This relationship with Jesus cost Stephen his life, yes, but it impacted so many others. Our lives lived out for Jesus have a ripple effect. His life had a ripple effect. Let’s think about Saul just for a moment. Saul, the one who was persecuting Christians as his job. He saw true faith up close and personal. Maybe even him forgiving his enemies was one of the most powerful things Saul had ever seen. Later on you will find out that Saul is on the road to Damascus and has an encounter with God. A divine encounter where God changes his name to Paul. He became one of the greatest preachers and teachers in the New Testament.
You never know who you’re impacting. Let Stephen’s life and death encourage us to live a close relationship with Jesus that is driven by the spirit of God. Not our wants, not our desires, but driven by love because we get to choose. We get to choose what we leave behind. Our life speaks. When we remind ourselves of the mission, we know the why behind the sacrifice. A spiritual mentor of mine, Jeanne Mayo says it like this. “There are two important days in everyone’s life, the day we were born and the day we discovered why.” The day we were born and the day we discovered why.
Here at Cornerstone, our mission is to live out our faith in Jesus and to invite others into life with Him. That is the mission we are created for as believers. This causes Jesus to rise, to stand. Let me encourage you to be a Stephen, bold and courageous enough to stand for the truth. Live for the future. The heavenly one. Compose our present that reflects the glory of God. Live with a fire that causes you to be brave and courageous past the hurdles and trials, and possibly even forgive your enemies.
Be passionate in your relationship. Ignite the flame. Live out the mission of Jesus. Echo it, share it, believe it, and stand for it no matter the cost. Don’t be afraid to leave a life-changing message, a legacy that impacts those around you because someone is depending on you to be that echo. I shared with you at the beginning of this message that I went to Alabama for a couple of days. This was an unexpected trip for me. It was a bittersweet trip on Monday. I was at work here and I got a message that one of my students that I pastored as a youth pastor had had a serious car accident.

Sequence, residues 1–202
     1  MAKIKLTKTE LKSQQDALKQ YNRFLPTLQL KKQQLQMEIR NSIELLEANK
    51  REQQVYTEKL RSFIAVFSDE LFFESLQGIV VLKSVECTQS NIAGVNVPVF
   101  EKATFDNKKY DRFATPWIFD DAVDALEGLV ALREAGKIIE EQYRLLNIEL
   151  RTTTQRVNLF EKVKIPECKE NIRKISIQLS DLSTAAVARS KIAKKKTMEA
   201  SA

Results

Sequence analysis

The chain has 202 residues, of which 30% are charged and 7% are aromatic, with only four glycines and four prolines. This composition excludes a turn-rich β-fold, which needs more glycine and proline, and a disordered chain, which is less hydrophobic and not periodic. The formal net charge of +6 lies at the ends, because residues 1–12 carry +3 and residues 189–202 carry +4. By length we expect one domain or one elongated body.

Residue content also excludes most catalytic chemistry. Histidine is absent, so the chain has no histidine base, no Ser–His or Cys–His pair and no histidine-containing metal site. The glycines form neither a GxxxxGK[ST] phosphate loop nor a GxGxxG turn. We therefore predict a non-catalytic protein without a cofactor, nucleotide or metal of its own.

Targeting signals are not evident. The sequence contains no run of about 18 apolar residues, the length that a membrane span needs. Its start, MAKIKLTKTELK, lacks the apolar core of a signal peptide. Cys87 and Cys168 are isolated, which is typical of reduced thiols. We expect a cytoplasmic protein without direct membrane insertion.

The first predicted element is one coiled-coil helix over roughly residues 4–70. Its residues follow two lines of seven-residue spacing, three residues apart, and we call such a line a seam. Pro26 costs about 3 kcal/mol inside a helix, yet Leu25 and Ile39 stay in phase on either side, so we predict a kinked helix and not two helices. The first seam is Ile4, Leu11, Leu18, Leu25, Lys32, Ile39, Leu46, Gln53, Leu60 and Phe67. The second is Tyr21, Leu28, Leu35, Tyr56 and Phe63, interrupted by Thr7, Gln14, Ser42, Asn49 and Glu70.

I just remember, “Wow, this is a lot.” I began to get myself together, got out of here and left. About an hour later, I got the phone call that she didn’t make it. Her name was Britney. I met Britney when she was 12. She was 19 when she went to be with Jesus. Britney was a beautiful young lady who loved Jesus with all of her heart. She gave her heart to Jesus at a spring retreat that we had as a youth group. After that, she jumped right in. She jumped right into ministry. She was worshiping on the worship team. She was leading as a dancer in our dance group that we had. She had all of these things, gifts and talents. But one of my favorite things that she did when she served in the children’s ministry was she would get up in front of the preschoolers and teach them about worship. She was a beautiful worshiper. This past week I had to watch five, six, and seven-year-olds say goodbye to Britney.
I had to watch their moms and the family; the mom, dad, and the family weep and cry. It was hard and it was tough. I was heartbroken. Her life when I looked out across that funeral home on Friday, there was an echo. There was an echo to those little kids. There was an echo to her youth group. There was an echo in the church. There was an echo to everyone around us. She was leaving a life that lived for Jesus. It echoed it. I want to encourage you with this last quote.
“God is most glorified in us when we are most satisfied in Him.” This quote inspires me. It inspires me to echo Jesus to leave a legacy to make an impact that speaks life. It also makes me feel safe and whole knowing that as long as I’m close to Jesus, He is being glorified through my life. I want to remind you that Jesus wants to stand. He is a provision. He pays attention. He’s in our corner and He is for us. Let us echo. Let us echo love. Let us echo truth. Let us echo grace. Let us echo boldness. Let us leave something behind.
If I had one question I would leave with you today, it would be; If you had one month to live, what would you echo? What would you echo? I want to encourage you to echo Jesus wherever you are. We’re going to have our closing song and our time of giving. This closing song is really special to me because I believe it’s really Stephen’s song. If he was here, he would probably sing this one. We’re going to pray over the word and believe that we are going to live out our faith. We’re going to live for the future. We’re going to live with the fire and we’re going to live out the mission.
Lord, we thank you for this amazing time that we’ve had. God, we thank you that we get to come here and worship you. Lord, we pray right now at this moment, help us to be strong, help us to be bold, help us to be courageous in our faith just like Stephen. Help us to leave an echo for the ones around us in our habits, our influences, our words, our actions, and our moods. They all speak life, Lord. Let them speak life. Let us live for the future, live with a fire, and live out the mission all for you in Jesus’s name. Lord, if we don’t know you get, I pray that we would find you, and then we would echo you in Jesus’s. Amen.
Let’s make loving one another the highest priority and refuse to be offended.
Guest Speaker David Brickner encourages us to live boldly and humbly in times of struggle.